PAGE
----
that I would want to follow to the ends of the Earth.

The big reason that this is a highlight of the volume
however is that Mizuho has not forgotten who her characters were.

In a lot of amateur writing, the writers seem to forget who
their characters are, having them automatically adjust to a situation, which
makes the characters much more unrealistic and leads to a very unsatisfying story,
and it really saddens me, even if I do it in my own stories, because the writer
cannot live up to their full potential, and that they really do not understand
people as much as a writer should.

Here, however, Mizuho understands that people will not change
at the flip of a switch, and it helps to really establish this series as a
journey where the characters become better over time that I first became
acquainted with when I watched the anime.

If she was not able to do this much, I would have been mad,
because anime adaptations today do not misrepresent series to be something that
they were not, like they have in the past, and I would have most definitely dropped
this series right at this volume.

However, because she remembered how things started, the
series still seems to be fairly decent and makes me want to give her some major
applause.

The thing that I liked the most though was what Captain
Gi-gan said.

While Yona was out, performing the task that she decided to
do, in order to gain Gi-gan's trust, Yona's comrades stormed off to where she
was and wanted to go save her, Gi-fan stopped them and when they try to get the
captain to relent, she says, “Sometimes women have to fight their own battles.
Don't underestimate her.”

This really resonated with because my elders and peers think
that women are vulnerable and should be protected, while ignoring the fact that
there are other factors at work that determine who would be more at risk, since
they would think a woman with full use of her body is more vulnerable to an
adult male with physical disabilities.

Now, I am grateful that my friends and family do not see me
as disabled, especially because I can do so much that people cannot even fathom
doing with the disability that I have, but they are doing they very thing that
they should not be doing, which is making assumptions and believing something
that can be skewed to say whatever others want.

However, I know that I cannot do everything and my
stubbornness that comes from trying to be independent or considerate is going
to make it hard for me to keep anybody safe on my own, and those moments will
result in the inevitable possibility that whoever I decide to spend the rest of
my life with will have to dirty their own hands, regardless of whether they
want to not, which I make sure everyone of the opposite sex is well aware of.

Not only do women with spouses who have disabilities have to
accept the inevitability that she would have to fight for the survival of herself
and her spouse, but even women who have spouses that have full use of their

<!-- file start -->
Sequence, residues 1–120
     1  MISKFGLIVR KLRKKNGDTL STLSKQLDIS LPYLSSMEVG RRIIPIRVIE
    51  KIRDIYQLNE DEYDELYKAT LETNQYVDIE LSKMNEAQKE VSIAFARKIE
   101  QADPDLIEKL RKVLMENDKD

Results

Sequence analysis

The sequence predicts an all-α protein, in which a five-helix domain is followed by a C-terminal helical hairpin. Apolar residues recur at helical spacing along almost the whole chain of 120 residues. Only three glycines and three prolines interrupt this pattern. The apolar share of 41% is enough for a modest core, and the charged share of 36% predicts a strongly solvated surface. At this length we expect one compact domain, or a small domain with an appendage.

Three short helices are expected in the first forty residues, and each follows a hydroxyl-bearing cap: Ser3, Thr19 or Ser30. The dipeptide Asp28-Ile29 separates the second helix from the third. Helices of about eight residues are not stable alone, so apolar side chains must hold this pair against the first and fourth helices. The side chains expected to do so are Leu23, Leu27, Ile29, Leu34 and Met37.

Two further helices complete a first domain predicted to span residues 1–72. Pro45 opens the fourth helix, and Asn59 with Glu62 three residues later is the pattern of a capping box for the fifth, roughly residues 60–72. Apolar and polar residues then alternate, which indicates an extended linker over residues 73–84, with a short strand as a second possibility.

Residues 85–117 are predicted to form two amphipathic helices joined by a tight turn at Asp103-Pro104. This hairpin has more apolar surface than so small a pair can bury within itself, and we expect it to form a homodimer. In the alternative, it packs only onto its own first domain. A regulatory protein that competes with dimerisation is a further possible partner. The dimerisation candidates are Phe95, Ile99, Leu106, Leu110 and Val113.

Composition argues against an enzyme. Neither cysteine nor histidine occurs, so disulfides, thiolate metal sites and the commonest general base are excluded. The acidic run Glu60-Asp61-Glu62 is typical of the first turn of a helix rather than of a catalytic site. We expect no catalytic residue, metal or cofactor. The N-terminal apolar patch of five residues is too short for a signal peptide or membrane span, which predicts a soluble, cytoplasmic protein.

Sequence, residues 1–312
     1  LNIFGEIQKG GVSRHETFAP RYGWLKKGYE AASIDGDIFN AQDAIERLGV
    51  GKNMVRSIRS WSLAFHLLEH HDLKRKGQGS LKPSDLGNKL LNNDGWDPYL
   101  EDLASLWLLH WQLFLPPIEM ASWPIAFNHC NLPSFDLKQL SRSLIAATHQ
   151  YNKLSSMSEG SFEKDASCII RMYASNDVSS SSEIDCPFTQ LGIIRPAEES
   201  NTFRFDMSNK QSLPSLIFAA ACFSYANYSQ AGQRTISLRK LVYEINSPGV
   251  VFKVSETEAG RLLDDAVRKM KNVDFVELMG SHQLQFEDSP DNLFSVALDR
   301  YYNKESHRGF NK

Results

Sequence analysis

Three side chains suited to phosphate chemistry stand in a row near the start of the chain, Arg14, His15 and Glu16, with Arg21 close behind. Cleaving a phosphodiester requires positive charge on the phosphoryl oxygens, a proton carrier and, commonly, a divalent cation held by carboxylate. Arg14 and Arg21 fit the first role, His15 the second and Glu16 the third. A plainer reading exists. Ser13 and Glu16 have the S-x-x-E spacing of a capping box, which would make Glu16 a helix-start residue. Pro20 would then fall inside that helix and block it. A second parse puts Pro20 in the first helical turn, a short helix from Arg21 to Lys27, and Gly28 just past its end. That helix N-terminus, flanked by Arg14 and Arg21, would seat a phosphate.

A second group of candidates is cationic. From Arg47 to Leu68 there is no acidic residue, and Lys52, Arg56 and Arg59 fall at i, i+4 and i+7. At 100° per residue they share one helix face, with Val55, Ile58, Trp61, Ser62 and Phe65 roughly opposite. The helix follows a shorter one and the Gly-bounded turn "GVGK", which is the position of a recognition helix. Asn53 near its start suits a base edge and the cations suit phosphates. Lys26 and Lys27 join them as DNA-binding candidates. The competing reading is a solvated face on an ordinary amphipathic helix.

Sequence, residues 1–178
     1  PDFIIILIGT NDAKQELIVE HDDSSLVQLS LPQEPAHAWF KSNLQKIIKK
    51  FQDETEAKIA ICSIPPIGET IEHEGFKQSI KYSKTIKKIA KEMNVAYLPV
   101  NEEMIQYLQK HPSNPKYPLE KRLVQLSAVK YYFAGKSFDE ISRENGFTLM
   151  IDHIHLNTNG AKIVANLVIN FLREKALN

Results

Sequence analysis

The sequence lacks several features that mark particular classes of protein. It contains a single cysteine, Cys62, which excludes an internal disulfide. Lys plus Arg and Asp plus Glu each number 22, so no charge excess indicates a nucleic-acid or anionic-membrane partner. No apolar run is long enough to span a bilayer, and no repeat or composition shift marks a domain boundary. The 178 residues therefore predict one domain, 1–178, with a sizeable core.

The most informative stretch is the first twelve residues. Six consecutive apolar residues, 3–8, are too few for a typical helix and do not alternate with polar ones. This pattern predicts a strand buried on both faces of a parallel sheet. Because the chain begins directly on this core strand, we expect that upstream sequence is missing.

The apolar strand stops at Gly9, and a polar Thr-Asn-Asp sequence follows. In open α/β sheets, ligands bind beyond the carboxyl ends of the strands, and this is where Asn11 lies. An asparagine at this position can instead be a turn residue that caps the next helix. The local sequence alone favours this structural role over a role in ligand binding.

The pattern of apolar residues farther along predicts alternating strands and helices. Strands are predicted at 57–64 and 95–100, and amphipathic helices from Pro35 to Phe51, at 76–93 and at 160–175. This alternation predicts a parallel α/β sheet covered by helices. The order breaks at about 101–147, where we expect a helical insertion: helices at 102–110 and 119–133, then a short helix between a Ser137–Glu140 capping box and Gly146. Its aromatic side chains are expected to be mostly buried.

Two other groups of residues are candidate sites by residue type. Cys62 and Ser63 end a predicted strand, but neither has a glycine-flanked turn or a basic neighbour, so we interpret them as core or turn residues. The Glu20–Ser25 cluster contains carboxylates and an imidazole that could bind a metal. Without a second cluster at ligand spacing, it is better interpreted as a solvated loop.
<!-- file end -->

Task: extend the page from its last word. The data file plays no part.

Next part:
body need to be able to stand up for themselves, because the world is not as
friendly as illusion of our current society creates, and, like Yona, they will
have to do something that they do not want to.

Hearing Gi-gan say those words, I am reminded of how harsh
the real world, one not as peaceful as the peaceful as the current world we
live in, can be, and makes me grateful that I do not give women special
treatment just because they are women, and it makes me wish that society would
learn sooner or later, as well as remind my female peers and elders of how good
they have things right now.

Unfortunately, I do not see people treating everyone the
same, regardless of age, gender, and ailment or disability, unless society and
all the technology we have today, from the manual and power tools that exist to
the electronic equipment that is called technology, were to disappear immediately,
which probably will not happen any time soon.

Still, this does show why it is necessary for everyone to
strive to become stronger, and why strong female protagonists are needed, even
though my elders would prefer women were only strong for their children and
younger siblings, instead of for themselves, and makes me want to give Mizuho
another nice round of applause.

Outside of those things, I cannot think of anything else
that I particularly liked, at least that could stand out as much as what I
already talked about.

Because my interest was capture and held from beginning to
end, especially because there seemed to be more feeling than the anime
adaptation, Mizuho did not forget who her characters and things remained funny,
and what Gi-gan said shows why it is important for everyone to be strong, not
just women, this book was fairly decent.

Although I liked the book, there are some issues.

However, aside from things that are too minor to talk about,
such as typos, nothing really bothered too much.

As a result, I will have to say that there is nothing worth
mentioning.

Considering that there was so much to like, especially since
it was shown that women cannot remain as weak as my elders would like, this was
definitely worth reading.

I mainly recommend this to fans of Mizuho Kusanagi and Yona
of the Dawn
,as they will like this the most.

As for everyone else, this might be worth giving a try, but
it might be better to read the earlier volumes first, as the great things found
in this volume would not be as enjoyable without the knowledge of what happened
before.

If you liked this review and would like to see more, please
considering supporting me on Patreon
or buying the reviewed title via the link provided at the top, so that I can
continue following this series and maybe find other worthwhile reads for you
guys, and doing whatever you when you find something that impresses you.